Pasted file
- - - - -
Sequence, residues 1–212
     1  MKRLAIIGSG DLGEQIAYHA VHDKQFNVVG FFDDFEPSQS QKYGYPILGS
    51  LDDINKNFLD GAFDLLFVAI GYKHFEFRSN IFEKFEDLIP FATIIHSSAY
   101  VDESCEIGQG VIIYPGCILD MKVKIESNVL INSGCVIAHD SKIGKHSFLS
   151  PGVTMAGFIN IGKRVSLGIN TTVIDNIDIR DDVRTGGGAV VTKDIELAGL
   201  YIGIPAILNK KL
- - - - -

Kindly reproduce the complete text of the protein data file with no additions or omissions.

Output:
Sequence, residues 1–212
     1  MKRLAIIGSG DLGEQIAYHA VHDKQFNVVG FFDDFEPSQS QKYGYPILGS
    51  LDDINKNFLD GAFDLLFVAI GYKHFEFRSN IFEKFEDLIP FATIIHSSAY
   101  VDESCEIGQG VIIYPGCILD MKVKIESNVL INSGCVIAHD SKIGKHSFLS
   151  PGVTMAGFIN IGKRVSLGIN TTVIDNIDIR DDVRTGGGAV VTKDIELAGL
   201  YIGIPAILNK KL